Contractors’ commission should be included in holiday pay according to court
Contractors working through non-limited companies who usually earn commission which is included in their total pay packet should be entitled to have that commission included in their holiday pay, according to a court ruling on the matter. The ruling means that employers such as those which operate a PAYE scheme for contractors that work in sectors such as sales, where the commission can represent a significant proportion of a contractor’s earnings, are no longer allowed to exclude commission from their holiday pay.
The tribunal was held in Leicester and the verdict handed down has the potential to have a huge impact on the legal situation surrounding wages, which have been under discussion for some time with no definitive answers as to the legal position when it comes to holiday pay. This change means that recruiters will need to ensure that their contracts and agreements are updated to reflect the changes that this ruling will necessitate. They will need to ensure that any umbrella companies that they work with are calculating holiday pay correctly to protect their recruits and avoid coming under fire for failing to recognise the ruling.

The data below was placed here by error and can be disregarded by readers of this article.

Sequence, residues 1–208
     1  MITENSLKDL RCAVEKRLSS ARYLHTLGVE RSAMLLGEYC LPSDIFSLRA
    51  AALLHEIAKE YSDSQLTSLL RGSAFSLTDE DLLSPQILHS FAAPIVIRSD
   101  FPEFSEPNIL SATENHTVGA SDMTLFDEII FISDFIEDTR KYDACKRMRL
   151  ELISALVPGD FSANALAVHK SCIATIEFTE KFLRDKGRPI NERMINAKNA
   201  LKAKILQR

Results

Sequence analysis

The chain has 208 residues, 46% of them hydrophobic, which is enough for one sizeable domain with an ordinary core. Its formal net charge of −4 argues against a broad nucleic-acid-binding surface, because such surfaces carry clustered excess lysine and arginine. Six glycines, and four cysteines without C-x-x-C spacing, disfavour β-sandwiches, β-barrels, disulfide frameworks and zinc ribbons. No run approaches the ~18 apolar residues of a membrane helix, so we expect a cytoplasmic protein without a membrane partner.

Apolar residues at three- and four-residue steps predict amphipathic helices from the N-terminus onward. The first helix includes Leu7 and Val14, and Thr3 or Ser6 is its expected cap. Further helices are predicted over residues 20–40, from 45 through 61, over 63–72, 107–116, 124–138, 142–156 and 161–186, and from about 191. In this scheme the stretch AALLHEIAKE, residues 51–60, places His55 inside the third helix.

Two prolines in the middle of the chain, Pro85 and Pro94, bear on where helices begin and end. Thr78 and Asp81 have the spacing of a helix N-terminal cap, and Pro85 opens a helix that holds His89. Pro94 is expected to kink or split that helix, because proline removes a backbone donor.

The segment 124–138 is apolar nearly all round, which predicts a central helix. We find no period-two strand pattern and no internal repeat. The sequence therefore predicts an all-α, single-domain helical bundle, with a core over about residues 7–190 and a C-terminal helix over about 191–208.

However, there was no reference to any standardised period for calculation in the tribunal’s decision, meaning that some employers may have trouble calculating holiday pay correctly even if they are attempting to comply with the ruling. The case of Lock V British Gas confined itself to the issue of whether the worker should be able to expect that his holiday pay was unfairly limited by the lack of commission paid when he was on holiday. The case was brought because the worker earned around 60 per cent of his take-home pay in the form of commission, meaning that his inability to earn commission whilst on holiday left him considerably out of pocket.
The case was filed on the basis that this discrepancy in wages effectively contravened the Working Time Regulations, on the basis of an earlier ruling which found that such practices could discourage workers from taking their full annual leave entitlement, which is not allowed under European law. The ruling, in this case, did specify that the decision would only apply to the four week leave period specified in the Working Time Regulations and not to any additional periods of leave taken.
Claims for back pay can be made for up to two years from July 1st 2015, and although many firms will wish to check their commission schemes and holiday policies, law firms are warning that any changes should be made with consideration for the potential for an appeal to be launched which could mean that their agreements need to be revised again.
If you are keen to ensure that you make the most of your earnings, then opting to work for yourself through a limited company is often the most efficient way to operate. For information on how to calculate your take-home pay, manage your expenses and estimate your tax, our handy guides are designed to make your finances as simple as possible. We also have a free 60-page guide to contracting which can help you to get an idea of the options available to you.
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